At High Mark Plumbing we have been reviewing some recent history of water main replacement in Richmond. January 15, 2015, a two-foot water main in Richmond, Virginia, burst. Local authorities noted that while the actual cause was unknown, it was likely that the problem was aging cast-iron pipes for which the city had scheduled replacement – at the rate of about ten to fifteen miles per year.
Richmond in British Columbia shares a similar problem, as do many cities where the water mains were installed prior to the 1960s. In 2015, Richmond, BC, had scheduled repairs and replacements in the Lockhart Road, Beecham Road and Marrington Road areas. You can view the work site areas by going to the Road Works Map on the City of Richmond, City Services website. This gives a quick visual of disrupted traffic flow due to water main work. When the process is reviewed, it is easy to see why it disrupts traffic flow. First the workers must cut through the paved street. Next they dig up the pipe, then replace the broken, damaged or aged pipe with newer, more flexible PVC pipe. Then they back fill the hole created to enable the work, and, finally, the street gets repaved. Meanwhile, the street, or a portion of it, has to be cordoned off in order for the workers to proceed safely and to keep traffic from driving into open ditches.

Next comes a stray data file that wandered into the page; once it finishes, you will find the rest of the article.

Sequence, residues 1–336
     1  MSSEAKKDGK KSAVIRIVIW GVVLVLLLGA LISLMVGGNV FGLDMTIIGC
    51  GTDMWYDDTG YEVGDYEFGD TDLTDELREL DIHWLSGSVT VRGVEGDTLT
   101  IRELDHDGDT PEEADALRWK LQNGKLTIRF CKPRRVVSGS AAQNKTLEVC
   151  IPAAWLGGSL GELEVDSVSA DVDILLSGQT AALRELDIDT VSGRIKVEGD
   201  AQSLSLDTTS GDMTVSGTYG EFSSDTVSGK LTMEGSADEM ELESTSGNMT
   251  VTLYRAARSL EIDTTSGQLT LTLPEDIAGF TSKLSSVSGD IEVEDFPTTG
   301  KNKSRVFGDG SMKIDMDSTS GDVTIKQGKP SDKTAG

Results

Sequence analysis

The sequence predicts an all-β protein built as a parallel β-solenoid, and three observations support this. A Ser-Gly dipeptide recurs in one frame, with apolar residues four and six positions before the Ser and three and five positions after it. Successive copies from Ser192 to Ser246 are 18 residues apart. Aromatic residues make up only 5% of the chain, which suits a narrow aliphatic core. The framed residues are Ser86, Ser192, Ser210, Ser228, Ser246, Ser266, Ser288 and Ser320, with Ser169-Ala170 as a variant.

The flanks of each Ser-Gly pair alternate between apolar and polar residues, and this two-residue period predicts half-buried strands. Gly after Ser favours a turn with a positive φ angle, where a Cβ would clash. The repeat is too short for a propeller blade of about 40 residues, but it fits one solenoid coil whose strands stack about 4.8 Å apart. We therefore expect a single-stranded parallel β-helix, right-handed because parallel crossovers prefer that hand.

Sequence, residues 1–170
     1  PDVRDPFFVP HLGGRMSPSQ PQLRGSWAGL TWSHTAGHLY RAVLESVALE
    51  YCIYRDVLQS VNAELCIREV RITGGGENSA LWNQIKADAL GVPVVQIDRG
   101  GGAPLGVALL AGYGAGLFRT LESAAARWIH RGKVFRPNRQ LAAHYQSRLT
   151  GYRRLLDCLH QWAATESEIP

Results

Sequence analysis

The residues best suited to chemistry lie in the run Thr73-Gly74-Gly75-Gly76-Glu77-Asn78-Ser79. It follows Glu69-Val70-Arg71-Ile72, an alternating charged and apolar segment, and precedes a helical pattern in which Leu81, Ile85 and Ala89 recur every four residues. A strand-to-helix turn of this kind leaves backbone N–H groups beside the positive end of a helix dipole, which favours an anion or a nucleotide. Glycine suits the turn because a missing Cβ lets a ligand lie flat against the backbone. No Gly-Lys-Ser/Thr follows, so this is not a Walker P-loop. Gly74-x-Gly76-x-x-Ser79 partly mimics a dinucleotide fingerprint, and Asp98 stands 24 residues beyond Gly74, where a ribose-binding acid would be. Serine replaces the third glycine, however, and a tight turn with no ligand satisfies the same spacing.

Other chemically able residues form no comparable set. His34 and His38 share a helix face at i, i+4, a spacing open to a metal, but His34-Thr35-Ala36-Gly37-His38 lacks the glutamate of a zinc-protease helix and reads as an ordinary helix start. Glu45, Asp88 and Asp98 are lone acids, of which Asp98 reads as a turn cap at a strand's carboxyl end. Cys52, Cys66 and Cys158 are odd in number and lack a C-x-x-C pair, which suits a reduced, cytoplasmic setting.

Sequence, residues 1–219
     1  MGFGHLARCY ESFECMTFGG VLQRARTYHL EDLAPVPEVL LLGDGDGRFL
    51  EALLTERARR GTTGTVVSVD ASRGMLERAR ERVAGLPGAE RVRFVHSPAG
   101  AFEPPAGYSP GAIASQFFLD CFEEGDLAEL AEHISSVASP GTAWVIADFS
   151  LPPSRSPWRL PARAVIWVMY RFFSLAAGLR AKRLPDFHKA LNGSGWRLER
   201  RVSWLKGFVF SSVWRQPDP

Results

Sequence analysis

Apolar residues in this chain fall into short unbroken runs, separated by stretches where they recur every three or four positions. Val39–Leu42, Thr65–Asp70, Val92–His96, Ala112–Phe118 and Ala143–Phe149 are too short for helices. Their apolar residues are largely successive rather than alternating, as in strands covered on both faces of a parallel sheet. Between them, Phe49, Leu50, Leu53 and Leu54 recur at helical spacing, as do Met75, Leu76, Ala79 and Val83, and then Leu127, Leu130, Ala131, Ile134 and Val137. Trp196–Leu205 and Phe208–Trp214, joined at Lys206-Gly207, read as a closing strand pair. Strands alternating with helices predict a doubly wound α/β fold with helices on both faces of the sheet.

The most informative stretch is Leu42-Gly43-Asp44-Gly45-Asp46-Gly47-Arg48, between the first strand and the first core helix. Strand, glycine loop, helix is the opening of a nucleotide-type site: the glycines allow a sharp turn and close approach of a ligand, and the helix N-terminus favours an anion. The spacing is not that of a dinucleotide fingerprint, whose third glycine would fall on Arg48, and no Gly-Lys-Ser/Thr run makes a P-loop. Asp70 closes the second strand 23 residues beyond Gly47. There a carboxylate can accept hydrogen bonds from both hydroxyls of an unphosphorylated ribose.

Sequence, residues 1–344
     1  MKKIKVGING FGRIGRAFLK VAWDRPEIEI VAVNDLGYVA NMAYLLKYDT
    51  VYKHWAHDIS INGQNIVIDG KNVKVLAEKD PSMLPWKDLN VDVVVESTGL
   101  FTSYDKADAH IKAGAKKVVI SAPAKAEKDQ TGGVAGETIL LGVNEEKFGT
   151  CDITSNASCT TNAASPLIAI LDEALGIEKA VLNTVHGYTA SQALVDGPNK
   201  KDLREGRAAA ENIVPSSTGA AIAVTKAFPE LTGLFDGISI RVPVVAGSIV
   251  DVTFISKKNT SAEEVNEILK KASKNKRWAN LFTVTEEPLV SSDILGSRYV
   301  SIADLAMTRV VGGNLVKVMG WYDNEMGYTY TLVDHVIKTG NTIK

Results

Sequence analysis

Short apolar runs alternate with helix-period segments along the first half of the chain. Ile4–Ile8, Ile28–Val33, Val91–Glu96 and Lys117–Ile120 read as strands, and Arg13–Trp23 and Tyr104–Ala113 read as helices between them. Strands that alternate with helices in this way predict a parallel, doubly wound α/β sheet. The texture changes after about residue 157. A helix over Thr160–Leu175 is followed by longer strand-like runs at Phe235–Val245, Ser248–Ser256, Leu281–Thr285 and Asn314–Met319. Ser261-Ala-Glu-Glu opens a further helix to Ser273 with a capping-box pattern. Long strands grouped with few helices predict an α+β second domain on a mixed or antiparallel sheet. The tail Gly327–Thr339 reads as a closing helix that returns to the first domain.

High Mark Plumbing, after reviewing recent history of water main replacement in Richmond – both in Virginia and in British Columbia – reminds our local residents to be patient with the workers, and to help them go home safely by driving cautiously near construction. If your home water main needs attention, please call us at (604)945-6060.